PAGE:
It’s the most intrinsic part of animal behaviour, but how much is too much when broadcasting mating rituals?
“We wanted to show the breeding behaviour of an animal that is otherwise renowned for being incredibly bloodthirsty,” explains Rob Pilley, the show’s producer. “Using spy cameras meant that we could infiltrate behaviour that, as humans, we never could.”
There were two separate cameras at work, one designed to pass as a female Komodo dragon, the other as a pig, which watched on with prurient interest from a distance. “The spy dragon was approached by the amorous males, but when they realised she didn’t smell like a female, they moved on,” Pilley tells i.
A costly accident, perhaps – spy cameras don’t come cheap – but it wasn’t all bad news. “We did get this incredible footage looking right down into its throat,” says the producer.
A difficult subject for TV to cover
Documenting the sexual behaviour of animals has always proved to be a tricky area, with naturalists unsure of just how much they should reveal of what is usually an ungainly business. Most animals are seen primarily as cute by viewers, after all, and must remain so.
In many ways, it was ever thus. Scientists with the Scott Antarctic Expedition more than a century ago were fortunate enough to observe the mating rituals of penguins, for example. When some behaved with what was later deemed as “astonishing depravity” – certain rogue males not only having sex with other males but also indulging in necrophilia with dead females – they elected not to report on it for fear of upsetting the public.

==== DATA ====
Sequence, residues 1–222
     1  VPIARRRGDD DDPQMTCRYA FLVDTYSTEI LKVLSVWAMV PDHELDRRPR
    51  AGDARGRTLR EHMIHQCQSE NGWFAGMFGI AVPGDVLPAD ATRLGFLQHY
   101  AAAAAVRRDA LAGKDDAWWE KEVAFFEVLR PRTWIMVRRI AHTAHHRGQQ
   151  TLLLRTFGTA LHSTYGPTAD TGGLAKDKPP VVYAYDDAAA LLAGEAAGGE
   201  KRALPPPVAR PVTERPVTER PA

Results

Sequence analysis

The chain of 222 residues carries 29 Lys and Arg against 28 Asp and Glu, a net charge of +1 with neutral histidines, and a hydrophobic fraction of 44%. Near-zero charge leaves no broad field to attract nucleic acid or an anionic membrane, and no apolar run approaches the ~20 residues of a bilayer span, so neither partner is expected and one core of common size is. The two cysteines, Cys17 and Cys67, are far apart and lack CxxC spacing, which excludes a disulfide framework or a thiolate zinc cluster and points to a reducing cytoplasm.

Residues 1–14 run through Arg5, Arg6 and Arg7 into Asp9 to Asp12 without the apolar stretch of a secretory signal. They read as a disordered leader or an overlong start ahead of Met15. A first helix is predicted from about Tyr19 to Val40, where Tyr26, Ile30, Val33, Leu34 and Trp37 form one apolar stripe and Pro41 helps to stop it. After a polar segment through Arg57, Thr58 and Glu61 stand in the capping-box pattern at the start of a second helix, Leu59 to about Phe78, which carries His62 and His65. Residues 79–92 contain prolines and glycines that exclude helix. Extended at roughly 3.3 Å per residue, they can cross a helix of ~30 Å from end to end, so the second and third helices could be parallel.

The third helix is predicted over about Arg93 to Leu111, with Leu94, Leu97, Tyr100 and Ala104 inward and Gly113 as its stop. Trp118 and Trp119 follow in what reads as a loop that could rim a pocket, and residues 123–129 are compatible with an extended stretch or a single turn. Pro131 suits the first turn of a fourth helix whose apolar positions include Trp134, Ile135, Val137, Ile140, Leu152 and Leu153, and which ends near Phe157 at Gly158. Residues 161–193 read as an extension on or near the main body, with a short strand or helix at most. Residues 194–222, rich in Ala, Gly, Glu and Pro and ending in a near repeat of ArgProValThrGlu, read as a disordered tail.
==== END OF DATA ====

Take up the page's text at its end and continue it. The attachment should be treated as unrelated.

Such sensitivities still prevail. In 2015, the TV vet Mark Evans presented a nature programme which dared to look at sex, pregnancy and birth in the animal world for a joint PBS/Channel 4 production. The show was titled Sex in the Wild in the US, but retitled Born in the Wild in the UK. One episode showed elephants on heat. “To attract the ladies, he dribbles pungent urine almost constantly,” went the narration.
Broadcasters are queasy about such detail, but should they be? “I still don’t understand why it’s an issue, or a problem,” says Evans. “My view is that it’s the most intrinsic part of animal behaviour, and also one of the most fascinating. To shy away from it seems utterly bonkers.”
What’s the issue?
The problem, Evans found, was not only watershed-related – most nature TV programmes are still made for comfortable Sunday evening family viewing – but also how behaviour that’s often inexplicable could be explained.
He recalls filming in Borneo and playing the “boom callings” of male flange orangutans to see how others would react. Would they be scared? Run away? Neither, it turns out.
“One of them started masturbating furiously,” he says. “And we had no idea why.”
Evans believes that it’s this very uncertainty which means we should be showing such footage all the more, in the hope of learning how to understand it better.
“If done respectfully and underpinned by scientific knowledge, this can be incredibly educational. In a world where it’s getting increasingly confusing for young people growing up to understand the difference between biological sex and gender, this is a way into the subject, and it’s invaluable.
“Besides,” he adds, “we’ve seen enough footage of animals killing one another by now, haven’t we?”